260 A.D.2d 458 (1999)

688 N.Y.S.2d 227

CANDACE PRESSNER, Respondent, v. DANIEL SERRANO et al., Appellants.

Appellate Division of the Supreme Court of the State of New York, Second Department.

Decided April 12, 1999.

Ordered that the order is affirmed, with costs.

The Supreme Court properly granted the plaintiff's motion for summary judgment on the issue of liability. The evidence unequivocally demonstrated that the defendant Daniel Serrano was negligent in backing up his tractor-trailer without first ascertaining whether there was a vehicle behind him (see, Vehicle and Traffic Law § 1211 [a]; see generally, McLaurin v Ryder Truck Rental, 123 A.D.2d 671; De Sessa v City of White Plains, 30 Misc.2d 817). This negligence was the sole proximate cause of the collision with the plaintiff's automobile, which was stopped behind the truck in a travel lane of a public roadway. Although the defendants contend that the plaintiff negligently failed to avoid the accident by backing out of the way of the truck, the uncontroverted deposition testimony of the plaintiff established that, immediately prior to the collision, the plaintiff looked in her rear-view mirror and observed another vehicle stopped directly behind her own, thereby negating any possibility of evasive action.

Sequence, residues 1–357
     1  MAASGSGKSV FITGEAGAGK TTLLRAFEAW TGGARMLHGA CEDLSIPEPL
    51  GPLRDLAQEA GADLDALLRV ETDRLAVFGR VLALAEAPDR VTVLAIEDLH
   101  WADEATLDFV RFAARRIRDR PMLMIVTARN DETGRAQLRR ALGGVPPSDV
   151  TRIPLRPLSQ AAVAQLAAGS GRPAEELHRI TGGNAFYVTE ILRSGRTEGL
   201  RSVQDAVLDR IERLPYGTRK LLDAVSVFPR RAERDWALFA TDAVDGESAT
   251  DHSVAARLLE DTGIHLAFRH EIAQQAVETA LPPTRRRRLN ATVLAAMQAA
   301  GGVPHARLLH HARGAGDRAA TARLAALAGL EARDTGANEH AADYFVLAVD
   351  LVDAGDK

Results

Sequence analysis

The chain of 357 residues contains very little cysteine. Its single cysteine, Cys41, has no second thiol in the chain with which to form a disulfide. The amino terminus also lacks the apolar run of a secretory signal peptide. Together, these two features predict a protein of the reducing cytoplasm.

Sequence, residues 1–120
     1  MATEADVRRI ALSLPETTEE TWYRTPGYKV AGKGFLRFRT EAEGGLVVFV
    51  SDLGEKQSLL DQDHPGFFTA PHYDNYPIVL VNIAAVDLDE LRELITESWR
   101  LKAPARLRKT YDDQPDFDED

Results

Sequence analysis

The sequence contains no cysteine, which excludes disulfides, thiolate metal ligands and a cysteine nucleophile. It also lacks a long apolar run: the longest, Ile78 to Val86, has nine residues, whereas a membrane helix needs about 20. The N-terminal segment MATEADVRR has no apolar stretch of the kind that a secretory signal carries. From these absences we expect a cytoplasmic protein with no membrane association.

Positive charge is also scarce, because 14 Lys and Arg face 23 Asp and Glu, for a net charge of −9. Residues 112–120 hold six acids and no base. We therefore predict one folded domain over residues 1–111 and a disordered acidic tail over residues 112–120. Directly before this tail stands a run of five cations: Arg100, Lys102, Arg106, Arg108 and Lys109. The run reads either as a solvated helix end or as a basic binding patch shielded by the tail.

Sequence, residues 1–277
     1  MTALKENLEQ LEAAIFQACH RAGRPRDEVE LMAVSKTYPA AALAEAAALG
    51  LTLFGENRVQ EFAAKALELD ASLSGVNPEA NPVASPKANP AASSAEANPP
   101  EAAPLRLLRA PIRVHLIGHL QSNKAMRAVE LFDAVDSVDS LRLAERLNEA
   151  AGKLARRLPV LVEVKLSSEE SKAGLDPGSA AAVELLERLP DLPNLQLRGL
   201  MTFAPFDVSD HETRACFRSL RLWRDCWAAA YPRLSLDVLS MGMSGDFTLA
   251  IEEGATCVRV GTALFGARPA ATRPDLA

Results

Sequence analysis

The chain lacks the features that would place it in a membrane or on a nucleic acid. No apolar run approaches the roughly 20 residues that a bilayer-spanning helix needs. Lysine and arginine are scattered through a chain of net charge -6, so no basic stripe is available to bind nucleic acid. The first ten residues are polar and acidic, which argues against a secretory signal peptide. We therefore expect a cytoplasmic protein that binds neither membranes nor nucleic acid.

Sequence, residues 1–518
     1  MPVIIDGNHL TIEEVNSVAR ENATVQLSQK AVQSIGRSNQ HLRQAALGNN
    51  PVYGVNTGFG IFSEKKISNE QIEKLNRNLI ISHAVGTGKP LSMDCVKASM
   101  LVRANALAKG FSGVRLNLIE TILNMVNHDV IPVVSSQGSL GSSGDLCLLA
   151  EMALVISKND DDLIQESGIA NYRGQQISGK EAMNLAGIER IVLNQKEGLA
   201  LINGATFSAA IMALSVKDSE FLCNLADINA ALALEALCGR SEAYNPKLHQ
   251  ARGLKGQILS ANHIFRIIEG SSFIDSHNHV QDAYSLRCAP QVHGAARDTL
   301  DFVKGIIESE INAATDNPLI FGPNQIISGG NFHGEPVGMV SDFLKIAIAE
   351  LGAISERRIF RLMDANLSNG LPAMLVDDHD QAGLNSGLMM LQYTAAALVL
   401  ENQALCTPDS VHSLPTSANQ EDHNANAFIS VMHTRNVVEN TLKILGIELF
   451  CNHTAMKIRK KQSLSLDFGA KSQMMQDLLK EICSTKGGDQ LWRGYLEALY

Even if we were to assume, as the defendants conclusorily argue, that there was no vehicle behind the plaintiff's automobile just before the collision, the plaintiff still would be entitled to summary judgment. The Supreme Court correctly observed that, given the sudden and unexpected backing up of the truck, the short distance which it traveled before striking the plaintiff's automobile, and the brief period of time which the plaintiff had to react, any purported error in judgment on her part did not constitute negligence under the circumstances of the emergency with which she was confronted and was not a proximate cause of the accident (see, e.g., Borst v Sunnydale Farms, 258 A.D.2d 488; Bentley v Moore, 251 A.D.2d 612; Velez v Diaz, 227 A.D.2d 615; Koch v Levenson, 225 A.D.2d 592). S.


1000 Characters Remaining reserves the right to edit or remove comments but is under no obligation to do so, or to explain individual moderation decisions.

User Comments

Listed below are the cases that are cited in this Featured Case. Click the citation to see the full text of the cited case. Citations are also linked in the body of the Featured Case.

Cited Cases

  • No Cases Found

Listed below are those cases in which this Featured Case is cited. Click on the case name to see the full text of the citing case.

Citing Cases